General Motors Milestones – The First 100 Years

From a loose collection of start-ups to perhaps the most influential car company in the world came ten decades – 100 years – of history-making events. Here we recount the key markers on GM’s century-long ride. Below is our list of more than 100 GM milestones.

1908 William Durant filed organization papers in New Jersey on September 16. Buick, Olds, and GMC forerunner Reliance are added later this year.

1909 Cadillac and Oakland were purchased.

1910 Cadillac introduced closed bodies and Buick built its first truck.

1911 GM was the first car company listed on the New York Stock Exchange.

1912 Electric starter replaced hand cranks on all Cadillacs.

1915 The first mass-produced V-8 engine introduced by Cadillac.

1916 GM’s incorporation papers were filed October 13 in Delaware.

1918 Chevrolet, DELCO, and other car related enterprises were added to the fold.

1919 The 1-millionth GM vehicle was sold and GMAC credit was established.

1920 William Durant’s reign terminated by losses attributable to recession.

1921 Construction of GM Building in Detroit was completed.

1922 Cadillac introduced the first thermostatic mixture-control carburetor.

1923 Alfred Sloan was appointed president and CEO. Two fruits of GM research were fast-drying lacquer paint and leaded gasoline.

1924 The auto industry’s first proving grounds was established in Milford, Michigan.

1925 GM’s reach was extended to England (Vauxhall), New Zealand, South Africa, and Brazil.

1926 Purchase of Fisher Body was completed.

1927 Harley Earl was recruited to create and head the auto industry’s first in-house design department.

1928 Partial interest in Bendix and Fokker aviation firms were acquired.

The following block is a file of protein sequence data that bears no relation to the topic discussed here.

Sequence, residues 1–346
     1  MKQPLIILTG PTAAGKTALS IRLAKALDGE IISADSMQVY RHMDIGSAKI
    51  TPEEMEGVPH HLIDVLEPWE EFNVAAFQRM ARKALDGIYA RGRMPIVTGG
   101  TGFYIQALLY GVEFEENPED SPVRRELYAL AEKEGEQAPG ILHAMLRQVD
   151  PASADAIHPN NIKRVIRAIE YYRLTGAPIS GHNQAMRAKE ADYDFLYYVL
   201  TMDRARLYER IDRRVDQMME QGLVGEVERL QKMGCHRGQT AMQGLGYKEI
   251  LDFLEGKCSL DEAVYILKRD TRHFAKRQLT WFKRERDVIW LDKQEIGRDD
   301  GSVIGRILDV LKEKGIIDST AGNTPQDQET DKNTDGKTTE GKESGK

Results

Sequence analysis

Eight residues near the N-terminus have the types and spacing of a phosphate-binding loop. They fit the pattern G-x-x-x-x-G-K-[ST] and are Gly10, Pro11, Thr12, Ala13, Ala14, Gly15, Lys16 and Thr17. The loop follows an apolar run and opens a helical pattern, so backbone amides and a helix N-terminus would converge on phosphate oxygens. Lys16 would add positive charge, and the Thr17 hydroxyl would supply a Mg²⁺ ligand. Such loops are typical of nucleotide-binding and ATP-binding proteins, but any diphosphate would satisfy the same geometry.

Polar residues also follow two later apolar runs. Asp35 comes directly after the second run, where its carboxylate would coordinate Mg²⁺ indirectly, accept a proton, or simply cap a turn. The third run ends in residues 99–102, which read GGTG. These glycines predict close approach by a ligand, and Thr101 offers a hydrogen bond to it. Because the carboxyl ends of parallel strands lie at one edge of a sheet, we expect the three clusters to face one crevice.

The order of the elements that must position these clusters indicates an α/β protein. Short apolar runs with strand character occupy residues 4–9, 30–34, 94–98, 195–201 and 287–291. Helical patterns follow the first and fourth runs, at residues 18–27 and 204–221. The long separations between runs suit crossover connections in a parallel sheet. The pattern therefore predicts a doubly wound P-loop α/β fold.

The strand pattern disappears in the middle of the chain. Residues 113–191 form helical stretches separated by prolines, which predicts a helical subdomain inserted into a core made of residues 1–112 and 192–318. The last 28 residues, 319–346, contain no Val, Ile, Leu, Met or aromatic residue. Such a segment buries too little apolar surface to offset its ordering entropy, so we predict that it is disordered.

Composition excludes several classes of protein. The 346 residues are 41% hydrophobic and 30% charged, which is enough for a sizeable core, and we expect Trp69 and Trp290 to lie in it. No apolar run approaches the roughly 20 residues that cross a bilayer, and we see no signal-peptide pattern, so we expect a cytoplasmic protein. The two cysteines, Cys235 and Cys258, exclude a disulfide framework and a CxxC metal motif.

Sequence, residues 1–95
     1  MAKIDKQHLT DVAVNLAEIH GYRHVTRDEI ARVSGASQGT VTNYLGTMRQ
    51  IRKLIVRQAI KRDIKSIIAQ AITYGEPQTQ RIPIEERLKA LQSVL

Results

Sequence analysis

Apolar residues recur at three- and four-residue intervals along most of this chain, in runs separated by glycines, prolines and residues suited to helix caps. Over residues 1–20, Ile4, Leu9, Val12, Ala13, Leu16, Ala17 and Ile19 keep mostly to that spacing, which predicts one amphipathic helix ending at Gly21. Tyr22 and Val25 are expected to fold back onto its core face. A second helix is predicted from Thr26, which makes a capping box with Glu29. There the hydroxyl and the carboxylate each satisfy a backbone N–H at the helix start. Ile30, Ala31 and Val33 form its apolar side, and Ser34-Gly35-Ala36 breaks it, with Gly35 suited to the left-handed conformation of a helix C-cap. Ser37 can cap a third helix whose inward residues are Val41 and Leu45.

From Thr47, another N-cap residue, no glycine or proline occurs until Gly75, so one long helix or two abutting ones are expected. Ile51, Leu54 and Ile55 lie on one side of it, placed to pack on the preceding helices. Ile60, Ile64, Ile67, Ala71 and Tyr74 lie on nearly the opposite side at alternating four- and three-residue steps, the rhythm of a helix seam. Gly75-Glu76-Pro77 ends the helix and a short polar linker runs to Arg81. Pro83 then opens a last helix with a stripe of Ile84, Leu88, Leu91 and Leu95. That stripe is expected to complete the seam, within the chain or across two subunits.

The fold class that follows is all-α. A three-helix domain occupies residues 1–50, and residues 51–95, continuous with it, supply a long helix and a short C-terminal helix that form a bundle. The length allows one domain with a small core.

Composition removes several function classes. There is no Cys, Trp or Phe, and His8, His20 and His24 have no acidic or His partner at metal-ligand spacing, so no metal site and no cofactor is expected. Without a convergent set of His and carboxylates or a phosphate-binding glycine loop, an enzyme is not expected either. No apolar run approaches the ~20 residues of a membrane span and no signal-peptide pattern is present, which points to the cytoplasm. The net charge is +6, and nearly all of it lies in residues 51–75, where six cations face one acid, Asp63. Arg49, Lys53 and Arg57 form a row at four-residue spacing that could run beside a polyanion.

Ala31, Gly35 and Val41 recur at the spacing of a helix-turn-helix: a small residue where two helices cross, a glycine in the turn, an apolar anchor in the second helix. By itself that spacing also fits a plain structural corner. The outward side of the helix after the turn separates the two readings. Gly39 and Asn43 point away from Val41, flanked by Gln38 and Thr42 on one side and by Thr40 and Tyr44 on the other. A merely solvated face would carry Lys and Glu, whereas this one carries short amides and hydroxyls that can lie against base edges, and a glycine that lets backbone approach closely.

1929 The 10 millionth GM vehicle was sold. Cadillac introduced the world’s first V-16 engine 60 days after the Wall Street stock market crashed.

1930 Winton (diesel) Engine Manufacturing and Electro-Motive – key parts of what became GM’s locomotive business – were acquired.

1931 Portions of Holden’s in Australia and Opel in Germany were acquired.

1932 The Oakland brand was renamed Pontiac.

1933 Independent front suspension was introduced by Buick, Cadillac, and Oldsmobile.

1934 GM began front-impact and rollover crash testing. America’s first streamlined passenger train was powered by a GM 2-stroke diesel.

1935 The Electro-Motive division was established to manufacture locomotives with diesel-electric series-hybrid drive.

1937 GM’s Allison division developed the first 1000-hp aircraft engine.

1939 Buick added turn signals.

1940 Oldsmobile introduced Hydra-Matic, the viable automatic transmission.

1942-45 After car and truck production ceased, GM manufactured aircraft, tanks, trucks, engines, and weapons worth $12-billion.

1946 Charles Wilson became president with Sloan retaining CEO title.

1947 Buick’s Dynaflow was the first automatic transmission to use a torque converter.

1948 Cadillac models incorporated the first tail fins.

1949 Cadillac and Oldsmobile introduced high-compression overhead-valve V-8 engines.

1950 The first Motorama Dream Car exhibition opened in New York.

1951 The first automatic transmissions for trucks were offered by GMC.

1952 Power steering was introduced on Buick Roadmasters.

1953 Air conditioning became available in Buicks, Cadillacs, and Oldsmobiles.

1954 The 50-millionth GM vehicle was a gold Chevrolet Bel Air. Mesa, Arizona, proving grounds opened. The GMC Scenicruiser bus was introduced.

1955 Chevrolet introduced its small-block V-8.